User Research: Usability Testing of Homepage Navigation


We needed to gain a better understanding of how students were navigating the University’s homepage to improve the information architecture going into a major redesign of the site.

How do current students navigate to complete top tasks?

  • Top Navigation Bar
  • Persona Navigation Bar
  • Search – Internal & External
  • A-Z (Footer)
  • Other

Target Users:

Current university students are one of the primary audiences of the University of Texas at Dallas’ webpage, but we had never done any usability studies to understand how they were navigating the site and if they were able to accomplish common tasks on the site. We also didn’t really have any research on how students were navigating the site. Were they going to the task-based menu, the persona-based menu or simply using search? I partnered with a professor in the School of Arts, Technology, and Emerging Communication to conduct usability research on 111 undergraduate students in an introductory classes in the spring semester of 2019. 


I was the primary researcher, setting up the usability tasks and the measurement tools. I looked for trends and strategic takeaways to guide our redesign and produced a presentation that was delivered to my team and upper management using Google Slides.

Scope and constraints:

Ideally, I would have loved to use an online tool such as Optimal Workshop to do some tree testing or card-sorting testing, but they only way I could gain access to the students in the classes was to come to them in person and ask them to measure how easily they were able to accomplish each task, using a scale from 1 to 5. I also had to rely on them to accurately record the path they took to accomplish each task and if they were successful in accomplishing the task. 


Students used their own devices. I asked them to record the device and browsers they were using. 

Users were asked to complete tasks, record the path they took and if they were successful. They were then asked to rate the ease of completing the task on a scale of 1-5, with 1 being easy and five being difficult. The responses for each student were inputted into an Excel file.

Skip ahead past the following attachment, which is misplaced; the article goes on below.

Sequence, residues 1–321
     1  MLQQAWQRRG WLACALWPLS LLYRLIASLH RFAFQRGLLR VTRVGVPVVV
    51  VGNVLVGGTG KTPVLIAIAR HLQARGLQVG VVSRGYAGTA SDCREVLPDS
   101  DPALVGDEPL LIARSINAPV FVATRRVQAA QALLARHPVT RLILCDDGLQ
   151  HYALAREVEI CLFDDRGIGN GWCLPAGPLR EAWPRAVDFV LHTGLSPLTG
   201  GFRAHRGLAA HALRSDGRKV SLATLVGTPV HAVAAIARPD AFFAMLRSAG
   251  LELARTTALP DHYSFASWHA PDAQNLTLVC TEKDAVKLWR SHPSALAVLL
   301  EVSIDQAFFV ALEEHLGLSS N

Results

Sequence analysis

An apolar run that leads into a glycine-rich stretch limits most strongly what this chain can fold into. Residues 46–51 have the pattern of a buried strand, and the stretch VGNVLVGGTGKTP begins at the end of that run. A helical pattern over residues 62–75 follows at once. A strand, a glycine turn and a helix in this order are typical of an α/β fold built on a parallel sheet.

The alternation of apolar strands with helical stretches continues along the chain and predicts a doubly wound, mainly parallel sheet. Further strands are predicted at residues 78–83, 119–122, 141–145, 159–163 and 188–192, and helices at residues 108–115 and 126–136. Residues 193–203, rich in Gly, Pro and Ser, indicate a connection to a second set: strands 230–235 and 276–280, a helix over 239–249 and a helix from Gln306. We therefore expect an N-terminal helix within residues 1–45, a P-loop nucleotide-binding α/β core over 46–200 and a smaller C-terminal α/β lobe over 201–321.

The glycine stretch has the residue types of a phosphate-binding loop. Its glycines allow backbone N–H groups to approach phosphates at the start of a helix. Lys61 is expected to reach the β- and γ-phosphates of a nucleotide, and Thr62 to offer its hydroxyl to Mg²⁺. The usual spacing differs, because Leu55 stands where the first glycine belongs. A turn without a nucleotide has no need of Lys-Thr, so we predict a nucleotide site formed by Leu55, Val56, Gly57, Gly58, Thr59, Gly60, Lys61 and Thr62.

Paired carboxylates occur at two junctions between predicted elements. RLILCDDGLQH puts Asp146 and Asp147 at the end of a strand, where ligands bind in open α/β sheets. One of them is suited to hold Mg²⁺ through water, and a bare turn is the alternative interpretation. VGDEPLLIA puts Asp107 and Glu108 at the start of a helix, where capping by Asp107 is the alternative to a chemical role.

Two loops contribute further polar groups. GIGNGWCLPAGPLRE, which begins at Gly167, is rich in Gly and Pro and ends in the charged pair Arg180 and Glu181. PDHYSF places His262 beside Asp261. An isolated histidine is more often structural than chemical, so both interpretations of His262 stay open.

Usability scores were averaged for the various paths to measure which ones had best scores. In some cases, bad scores for search could reflect that users went there as a last resort. But in general, search was rated fairly high for effectively getting the tasks done. Here’s the percentage of students who were able to complete each task:

  • Task 1: Find the last day to drop a class: 89%
  • Task 2: Find the library hours: 90%
  • Task 3: Show a friend how to apply to UTD: 100% 
  • Task 4: Find the cost of tuition: 85%
  • Task 5: Find how to apply for financial aid: 94%
  • Task 6: Find date/time of upcoming soccer game 91%

Lessons and outcomes:

  • Overall, the Top Nav Menu was where most users consistently went to complete tasks, particularly on mobile.
  • Search — Internal and Google — was popular with many students and was the route taken if they couldn’t determine where else to look. 
  • Some users went to the Persona-Based Menu, with mixed results. Most went to the Students page, but some tried to carry out tasks using Faculty/Staff and Alumni/Friends and that didn’t always work out. 
  • A significant number of desktop users, 10-15%, used the A-Z menu at the bottom of the homepage and typically awarded high usability scores for this path.

Key Deliverables:

Google Slides Presentation

New homepage comps for mobile